State Board committed to addressing Magic Valley’s teacher shortage

The College of Southern Idaho last summer proposed offering a bachelor’s degree in education at the College of Southern Idaho.

The reasons behind the request are real; the Magic Valley region is coping with a teacher shortage and students interested in becoming teachers either cannot, or are reluctant to travel either to Idaho State University or Boise State University to finish work on their degree.

Debbie Critchfield

Magic Valley school superintendents have voiced frustration about addressing teacher shortages in our region.  As the Board vice president and as a resident of the Magic Valley, I want the people of my area to know that the State Board of Education understands this concern, is aware of the teacher shortage and is committed to finding the best way to address it.

Idaho State University is charged by the Board with offering baccalaureate degree programs in the Twin Falls region.  With a new president at ISU’s helm, the Board would like to allow him an opportunity to address the concerns Magic Valley residents have expressed about ISU’s delivery of the program.

President Kevin Satterlee has pledged to fix the problems, including reviewing requirements for students either to move to Pocatello or travel back and forth in order to take upper-level courses. This could include ISU providing partnerships for CSI to teach these classes in Twin Falls.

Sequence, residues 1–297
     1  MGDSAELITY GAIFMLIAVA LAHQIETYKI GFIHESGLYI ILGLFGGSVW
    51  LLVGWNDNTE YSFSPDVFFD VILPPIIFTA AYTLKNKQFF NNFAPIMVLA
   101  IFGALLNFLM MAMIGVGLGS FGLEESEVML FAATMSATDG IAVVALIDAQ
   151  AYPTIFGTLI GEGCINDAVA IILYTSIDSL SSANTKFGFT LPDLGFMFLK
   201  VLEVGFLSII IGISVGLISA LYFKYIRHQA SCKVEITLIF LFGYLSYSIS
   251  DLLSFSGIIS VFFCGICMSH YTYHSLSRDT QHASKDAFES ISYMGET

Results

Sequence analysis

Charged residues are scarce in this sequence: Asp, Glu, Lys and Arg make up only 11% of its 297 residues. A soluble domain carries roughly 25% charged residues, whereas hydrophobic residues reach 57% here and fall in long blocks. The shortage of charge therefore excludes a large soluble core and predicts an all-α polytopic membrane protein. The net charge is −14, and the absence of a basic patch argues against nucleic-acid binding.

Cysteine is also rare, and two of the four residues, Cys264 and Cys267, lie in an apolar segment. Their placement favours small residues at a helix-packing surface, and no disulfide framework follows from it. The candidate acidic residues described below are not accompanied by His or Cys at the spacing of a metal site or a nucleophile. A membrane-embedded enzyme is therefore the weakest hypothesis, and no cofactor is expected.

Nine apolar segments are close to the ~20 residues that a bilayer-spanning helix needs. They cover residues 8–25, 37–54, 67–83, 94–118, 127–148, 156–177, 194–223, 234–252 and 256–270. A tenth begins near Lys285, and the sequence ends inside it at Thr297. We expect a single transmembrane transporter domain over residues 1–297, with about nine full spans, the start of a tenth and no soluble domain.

We are striving to operate Idaho’s higher education system as one system. The Board believes offering the same degree program at two institutions in the same service region is duplicative and not an efficient use of our higher education dollars.  With that said, ISU must demonstrate it can meet its responsibility in the Magic Valley.

It is also worth noting that the Board did approve CSI’s request to offer a bachelor of Applied Sciences degree in Advanced Food Technology.  This degree is currently not available in the Magic Valley and it was approved to meet the workforce demands in the area’s food manufacturing industry.  This means CSI will be the first Idaho community college to offer a four-year degree.

If Idaho State University cannot fulfill its pledge to improve its offering of baccalaureate degree programs to prospective teachers in the Magic Valley, the Board may revisit this, making it possible for the College of Southern Idaho to offer a second four-year degree.

Written by Debbie Critchfield, vice president, Idaho State Board of Education.

Debbie Critchfield

Debbie Critchfield

Debbie Critchfield is Idaho's Superintendent of Public Instruction.

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